Iran has maintained its constant place as a generator of trouble on the international scene. When concern over Iran’s nuclear program subsides temporarily, concern about its meddling in countries in the region surface; when those concerns subside, its state sponsorship of terrorism takes the center stage. Suppression and flagrant violations of human rights, the regime’s main tools of governance, have a permanent place in the litany of concerns.
In his report to the Human Rights Council in mid-March, U.N. Secretary General Ban Ki-moon stated that the new president of Iran, Hassan Rouhani, so-called reformer, has failed to fulfill his election promises to improve the human rights situation — and the regime’s executions have shown a steep rise.
According to independent U.N. reports , two-thirds of 687 confirmed executions in Iran in 2013, including political executions, took place during Rouhani’s presidency. This year has not been any better; there have been 180 executions, many of them public.
Hanging people in public squares and public places, regardless of the crime they have committed, is barbaric. It belies the propaganda about “moderate” Rouhani. It is carried out to intimidate an angry and disillusioned society that the mullahs have no other way to contain. The desire for change is pervasive in Iran, in particular among women, who are treated as second-class citizens, and youth (55 percent of Iranians are younger than 30), who have little hope that their desires will be met under the mullahs’ rule.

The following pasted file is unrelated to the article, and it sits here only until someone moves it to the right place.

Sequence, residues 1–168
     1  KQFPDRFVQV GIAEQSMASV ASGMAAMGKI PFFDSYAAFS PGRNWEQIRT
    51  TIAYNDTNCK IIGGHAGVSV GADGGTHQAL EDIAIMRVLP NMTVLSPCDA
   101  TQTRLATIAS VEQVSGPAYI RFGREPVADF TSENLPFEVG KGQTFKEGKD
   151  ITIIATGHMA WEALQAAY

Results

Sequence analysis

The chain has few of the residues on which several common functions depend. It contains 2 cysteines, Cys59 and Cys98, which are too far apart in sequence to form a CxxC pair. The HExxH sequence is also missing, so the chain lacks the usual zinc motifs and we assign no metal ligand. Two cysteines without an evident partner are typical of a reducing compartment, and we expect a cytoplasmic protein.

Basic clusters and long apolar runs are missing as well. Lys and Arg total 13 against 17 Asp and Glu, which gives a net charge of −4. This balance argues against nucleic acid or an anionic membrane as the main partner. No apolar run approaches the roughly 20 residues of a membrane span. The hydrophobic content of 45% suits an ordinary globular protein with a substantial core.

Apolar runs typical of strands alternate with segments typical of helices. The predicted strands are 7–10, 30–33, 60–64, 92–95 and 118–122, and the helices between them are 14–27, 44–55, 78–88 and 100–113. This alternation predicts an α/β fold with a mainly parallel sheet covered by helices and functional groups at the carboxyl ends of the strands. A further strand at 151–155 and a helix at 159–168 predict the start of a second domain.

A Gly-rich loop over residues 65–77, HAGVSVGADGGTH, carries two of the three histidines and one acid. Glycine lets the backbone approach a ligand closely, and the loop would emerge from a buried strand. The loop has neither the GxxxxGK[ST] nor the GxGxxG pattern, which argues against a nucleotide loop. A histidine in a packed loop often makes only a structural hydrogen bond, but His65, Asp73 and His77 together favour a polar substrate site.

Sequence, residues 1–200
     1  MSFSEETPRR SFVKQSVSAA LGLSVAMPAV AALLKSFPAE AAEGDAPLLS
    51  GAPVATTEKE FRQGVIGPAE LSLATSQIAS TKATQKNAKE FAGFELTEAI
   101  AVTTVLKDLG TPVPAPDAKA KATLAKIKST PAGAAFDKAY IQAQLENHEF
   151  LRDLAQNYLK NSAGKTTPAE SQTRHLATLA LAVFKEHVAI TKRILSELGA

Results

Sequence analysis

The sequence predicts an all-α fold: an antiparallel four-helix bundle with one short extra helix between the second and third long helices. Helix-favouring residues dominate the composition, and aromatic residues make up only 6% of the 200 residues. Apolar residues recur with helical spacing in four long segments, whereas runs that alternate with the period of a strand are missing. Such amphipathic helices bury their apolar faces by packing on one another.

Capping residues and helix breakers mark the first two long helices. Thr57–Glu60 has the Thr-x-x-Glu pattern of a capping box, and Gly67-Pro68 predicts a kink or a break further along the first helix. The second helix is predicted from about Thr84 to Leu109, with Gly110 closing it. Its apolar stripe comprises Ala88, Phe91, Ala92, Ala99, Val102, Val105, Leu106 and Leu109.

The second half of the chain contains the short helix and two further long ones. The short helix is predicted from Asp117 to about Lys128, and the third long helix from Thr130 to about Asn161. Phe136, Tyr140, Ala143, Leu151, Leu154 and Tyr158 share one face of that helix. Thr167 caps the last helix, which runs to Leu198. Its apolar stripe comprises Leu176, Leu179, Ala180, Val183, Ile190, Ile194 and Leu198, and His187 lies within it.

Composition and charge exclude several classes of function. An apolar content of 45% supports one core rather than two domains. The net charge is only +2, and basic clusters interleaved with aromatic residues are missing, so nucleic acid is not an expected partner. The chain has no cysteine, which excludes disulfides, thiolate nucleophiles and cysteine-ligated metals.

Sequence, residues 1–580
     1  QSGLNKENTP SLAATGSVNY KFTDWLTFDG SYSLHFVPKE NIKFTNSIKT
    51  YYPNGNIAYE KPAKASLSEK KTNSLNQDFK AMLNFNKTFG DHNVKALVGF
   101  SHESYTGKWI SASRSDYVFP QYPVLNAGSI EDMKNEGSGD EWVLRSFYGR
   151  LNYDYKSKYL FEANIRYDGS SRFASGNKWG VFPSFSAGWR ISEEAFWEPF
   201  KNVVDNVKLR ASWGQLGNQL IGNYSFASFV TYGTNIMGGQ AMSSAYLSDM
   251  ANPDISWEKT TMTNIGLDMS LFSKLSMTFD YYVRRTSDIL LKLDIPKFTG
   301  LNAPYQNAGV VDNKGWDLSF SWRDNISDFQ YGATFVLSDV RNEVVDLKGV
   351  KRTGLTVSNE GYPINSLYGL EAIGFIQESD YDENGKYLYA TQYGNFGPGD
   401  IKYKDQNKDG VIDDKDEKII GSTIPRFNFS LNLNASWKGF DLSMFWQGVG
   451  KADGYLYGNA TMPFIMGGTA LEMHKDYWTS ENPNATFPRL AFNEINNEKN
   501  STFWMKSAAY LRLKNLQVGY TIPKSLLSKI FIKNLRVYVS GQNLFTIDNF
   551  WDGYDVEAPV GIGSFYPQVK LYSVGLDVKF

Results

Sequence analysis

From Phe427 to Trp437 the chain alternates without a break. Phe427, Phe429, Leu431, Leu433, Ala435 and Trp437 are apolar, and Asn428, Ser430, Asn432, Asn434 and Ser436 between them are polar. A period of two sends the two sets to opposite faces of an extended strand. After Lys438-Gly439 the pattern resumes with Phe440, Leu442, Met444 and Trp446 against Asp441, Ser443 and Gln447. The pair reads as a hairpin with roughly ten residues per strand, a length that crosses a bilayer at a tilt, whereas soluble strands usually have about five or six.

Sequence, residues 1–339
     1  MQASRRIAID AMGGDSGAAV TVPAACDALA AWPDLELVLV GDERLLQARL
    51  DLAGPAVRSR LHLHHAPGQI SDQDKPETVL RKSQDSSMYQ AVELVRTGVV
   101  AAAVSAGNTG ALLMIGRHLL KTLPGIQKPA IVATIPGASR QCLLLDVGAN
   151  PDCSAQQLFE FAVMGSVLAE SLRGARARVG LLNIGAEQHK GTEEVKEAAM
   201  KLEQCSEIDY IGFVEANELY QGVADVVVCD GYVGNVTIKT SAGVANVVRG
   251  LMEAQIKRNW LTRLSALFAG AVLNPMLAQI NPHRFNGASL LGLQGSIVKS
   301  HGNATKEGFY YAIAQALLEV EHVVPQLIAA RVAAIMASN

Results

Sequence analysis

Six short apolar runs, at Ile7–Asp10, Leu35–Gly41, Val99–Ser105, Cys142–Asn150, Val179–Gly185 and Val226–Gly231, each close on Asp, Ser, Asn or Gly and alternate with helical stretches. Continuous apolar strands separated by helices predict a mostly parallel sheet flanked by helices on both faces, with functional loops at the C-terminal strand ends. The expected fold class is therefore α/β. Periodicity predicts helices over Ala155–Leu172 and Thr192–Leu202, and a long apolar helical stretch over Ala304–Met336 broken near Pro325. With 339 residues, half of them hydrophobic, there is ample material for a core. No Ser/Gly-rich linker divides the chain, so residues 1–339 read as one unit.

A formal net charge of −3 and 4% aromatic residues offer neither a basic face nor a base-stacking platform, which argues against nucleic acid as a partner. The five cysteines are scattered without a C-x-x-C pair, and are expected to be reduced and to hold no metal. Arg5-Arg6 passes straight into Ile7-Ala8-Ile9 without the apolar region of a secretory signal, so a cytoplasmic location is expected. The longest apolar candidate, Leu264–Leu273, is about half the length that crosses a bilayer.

We witnessed this firsthand during our attendance in the first global conference of Iranian youth association in Paris a couple of weeks ago. Scores of these young, educated, talented Iranians had left Iran recently and had maintained their contacts with their peers in Iran despite all the restrictions imposed by the mullahs. They urged us to convey to the US administration that Iranians are fed up with the ruling theocracy and do not view Rouhani as an element for change. They all called for firmness in dealing with Tehran’s rulers.
Yet, tragically, the firmness they were yearning for has become hostage to nuclear negotiations that are stuck behind “hard decisions by Tehran”— and that is while Tehran’s nuclear infrastructure has remained intact and the centrifuges keep spinning. In the meantime, the supreme leader, Ali Khamenei, underscored last week that the regime “will not give up its nuclear achievements and nobody has the right to negotiate over these achievements.”
The weak policy vis-a-vis Tehran has only emboldened it to intensify suppression, continue massive support for Syrian dictator Assad and to slaughter its opponents, members of the People’s Mojahedin Organization of Iran in Camp Liberty in Iraq.
The key in understanding the enigma of the behavior of the Iranian regime is to recognize that we are dealing with an extremely weakened and crisis-riddled regime. That explains why the meeting of Catharine Ashton, the EU high representative for foreign policy and the chief nuclear negotiator of P5+1 with Iran, with the mother of a blogger who was tortured to death after her meetings with the regime’s president and Parliament speaker, infuriated the regime’s most senior officials. The mullahs’ chief justice warned that if the Western delegations dare to repeat such meetings “the judiciary will intervene directly and the Foreign Ministry will bear the consequences.”